John Edwards — Although his endorsement from Congressman Bruce Braley did not come as much of a surprise (Braley was a strong Edwards supporter in 2004), it will certainly help assuage fears among his supporters that his candidacy has lost its momentum. And, as revealed Monday morning on a conference call, the former North Carolina senator has recruited multiple precinct captains in 87% of Iowa’s precincts, demonstrating the continuing superiority of his grassroots organization.
(tie) Hillary Clinton — In our first Power Rankings, Clinton ranked third, but she has shown many signs of life recently that indicate she deserves a higher position. Her husband campaigned for her in Eastern Iowa last week, helping to shore up her supporters there; and she herself has spent time on the ground in less likely places reassuring leaners that she still takes Iowa seriously. Although her more aggressive attacks on Sen. Barack Obama may damage her already-low second-choice support, they should also reassure her supporters that she deserves their time and effort on caucus night. And the entree of Emily’s List’s new voter outreach program may be a help, as well.
(tie) Barack Obama — Upward Momentum — Polls have confirmed what we have felt anecdotally for a long time: that Obama’s message resonates equally well among women as it does among men, and that’s before Oprah Winfrey has even arrived. The gender and age gaps both show signs of closing, and his campaign’s crowd-building skills are unparalleled. His subtle criticisms of Clinton over the past month have forced Clinton to issue less subtle criticisms of her own, perhaps demonstrating the direction her campaign sees the race heading. If any candidate will usurp Edwards’s first-place position between now and January 3, Obama appears best positioned to do so.
Joe Biden — Upward Momentum — Biden has mastered the art of retail politics better than perhaps any other candidate in the race, and it shows not just in his campaign events but also in his organization’s ability to capitalize on social networks and the political capital of his endorsers. His base is more likely than any other candidate’s to actually attend the caucuses, and his second-choice support continues to increase.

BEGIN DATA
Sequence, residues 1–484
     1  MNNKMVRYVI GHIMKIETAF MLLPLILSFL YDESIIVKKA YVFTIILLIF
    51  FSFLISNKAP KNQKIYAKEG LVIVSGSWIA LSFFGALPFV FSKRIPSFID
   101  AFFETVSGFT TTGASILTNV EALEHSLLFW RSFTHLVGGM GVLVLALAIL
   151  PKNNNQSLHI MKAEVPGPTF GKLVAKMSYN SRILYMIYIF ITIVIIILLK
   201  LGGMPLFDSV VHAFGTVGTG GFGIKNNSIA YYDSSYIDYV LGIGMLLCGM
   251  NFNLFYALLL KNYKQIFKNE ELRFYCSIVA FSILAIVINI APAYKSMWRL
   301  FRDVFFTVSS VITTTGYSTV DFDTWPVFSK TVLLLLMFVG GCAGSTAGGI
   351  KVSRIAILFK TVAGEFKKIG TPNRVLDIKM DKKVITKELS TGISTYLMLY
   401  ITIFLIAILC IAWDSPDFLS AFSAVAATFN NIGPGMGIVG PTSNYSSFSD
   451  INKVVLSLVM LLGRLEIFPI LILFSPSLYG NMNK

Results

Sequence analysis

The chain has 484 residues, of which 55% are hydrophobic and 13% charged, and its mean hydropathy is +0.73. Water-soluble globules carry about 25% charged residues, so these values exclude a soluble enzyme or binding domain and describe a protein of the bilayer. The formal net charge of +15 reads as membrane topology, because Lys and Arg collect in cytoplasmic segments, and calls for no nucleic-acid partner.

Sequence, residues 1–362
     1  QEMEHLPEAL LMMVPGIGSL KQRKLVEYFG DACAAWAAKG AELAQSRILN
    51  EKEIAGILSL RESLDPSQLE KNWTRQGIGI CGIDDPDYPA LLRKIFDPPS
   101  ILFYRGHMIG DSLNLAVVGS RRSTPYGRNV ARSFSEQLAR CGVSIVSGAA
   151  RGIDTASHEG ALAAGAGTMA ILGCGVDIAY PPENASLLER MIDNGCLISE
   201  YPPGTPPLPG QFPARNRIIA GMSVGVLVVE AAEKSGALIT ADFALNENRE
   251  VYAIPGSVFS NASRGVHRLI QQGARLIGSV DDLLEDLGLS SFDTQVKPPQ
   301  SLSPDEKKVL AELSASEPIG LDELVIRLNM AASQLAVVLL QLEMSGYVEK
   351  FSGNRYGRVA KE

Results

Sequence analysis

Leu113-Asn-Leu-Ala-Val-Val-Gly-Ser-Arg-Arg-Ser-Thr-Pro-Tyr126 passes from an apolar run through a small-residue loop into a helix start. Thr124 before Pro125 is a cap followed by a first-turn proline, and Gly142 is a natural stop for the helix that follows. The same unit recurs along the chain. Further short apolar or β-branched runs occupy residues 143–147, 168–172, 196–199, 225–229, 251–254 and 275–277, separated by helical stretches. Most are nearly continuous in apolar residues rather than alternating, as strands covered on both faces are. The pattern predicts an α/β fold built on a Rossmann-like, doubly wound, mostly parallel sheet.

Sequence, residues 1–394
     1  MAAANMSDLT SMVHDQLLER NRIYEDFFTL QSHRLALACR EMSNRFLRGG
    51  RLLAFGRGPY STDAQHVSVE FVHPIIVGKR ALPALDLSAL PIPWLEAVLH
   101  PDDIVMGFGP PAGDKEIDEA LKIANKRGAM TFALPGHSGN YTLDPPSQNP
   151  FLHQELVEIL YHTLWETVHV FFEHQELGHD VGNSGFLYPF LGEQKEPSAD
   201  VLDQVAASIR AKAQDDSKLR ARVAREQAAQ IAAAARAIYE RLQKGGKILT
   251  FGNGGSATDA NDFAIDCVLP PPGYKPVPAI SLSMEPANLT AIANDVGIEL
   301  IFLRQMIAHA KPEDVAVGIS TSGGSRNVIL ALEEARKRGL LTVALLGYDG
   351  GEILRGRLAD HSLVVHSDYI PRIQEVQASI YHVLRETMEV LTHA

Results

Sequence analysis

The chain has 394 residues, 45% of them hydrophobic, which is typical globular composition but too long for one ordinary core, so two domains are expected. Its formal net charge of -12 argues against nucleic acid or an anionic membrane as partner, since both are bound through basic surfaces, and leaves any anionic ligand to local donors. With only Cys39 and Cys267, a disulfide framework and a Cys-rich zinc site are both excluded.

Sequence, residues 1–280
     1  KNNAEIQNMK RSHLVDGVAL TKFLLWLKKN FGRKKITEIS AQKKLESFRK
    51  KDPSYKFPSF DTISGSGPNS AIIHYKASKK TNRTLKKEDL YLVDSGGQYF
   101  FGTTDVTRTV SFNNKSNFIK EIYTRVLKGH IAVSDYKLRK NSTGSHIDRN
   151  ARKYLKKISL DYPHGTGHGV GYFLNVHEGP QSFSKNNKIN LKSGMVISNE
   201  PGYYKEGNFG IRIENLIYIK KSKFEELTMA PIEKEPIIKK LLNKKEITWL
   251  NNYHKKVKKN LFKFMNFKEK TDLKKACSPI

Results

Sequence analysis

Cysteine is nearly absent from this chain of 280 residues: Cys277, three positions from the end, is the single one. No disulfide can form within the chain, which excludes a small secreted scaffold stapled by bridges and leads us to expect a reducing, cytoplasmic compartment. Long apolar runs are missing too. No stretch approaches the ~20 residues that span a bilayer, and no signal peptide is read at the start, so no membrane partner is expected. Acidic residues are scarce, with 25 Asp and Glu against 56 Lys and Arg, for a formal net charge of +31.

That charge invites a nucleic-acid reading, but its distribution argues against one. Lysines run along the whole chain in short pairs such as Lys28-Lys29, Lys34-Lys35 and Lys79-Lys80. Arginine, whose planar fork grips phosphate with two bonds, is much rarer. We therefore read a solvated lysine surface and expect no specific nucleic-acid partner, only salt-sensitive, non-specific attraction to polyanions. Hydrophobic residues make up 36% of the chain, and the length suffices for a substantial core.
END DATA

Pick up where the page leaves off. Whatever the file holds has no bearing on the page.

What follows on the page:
Bill Richardson — Richardson has a large staff that has been building lists since June, but he lacks support from traditional activists and politicos around the state, as evidenced by his very short list of state legislative endorsements. His staff will not be able to do all of the necessary work for getting out the vote alone. And although he is committed very seriously to grassroots campaigning, he is unpolished and inconsistent on the stump.
(tie) Chris Dodd — Dodd’s campaign has been promising from the start, but his second-choice support still seems far stronger than his first-choice support. FIrefighters have been working diligently across the state to support him, but he will need a major shake-up in the race in order to advance. His focus on other candidates’ votes on bankruptcy "reform" legislation is promising, but attacking Edwards, Clinton, and Biden may cost him more than he gets in return.
(tie) Dennis Kucinich — Kucinich spent little to no time in Iowa in the first nine months of the campaign, but over the past week he has spent at least some time reaching out to his base of supporters from 2004. Although he has likely started too late in the game to build a strong organization, he may have shown enough signs of life here to reassure small factions of the electorate that he deserves their support.
Mike Gravel sorry Mike…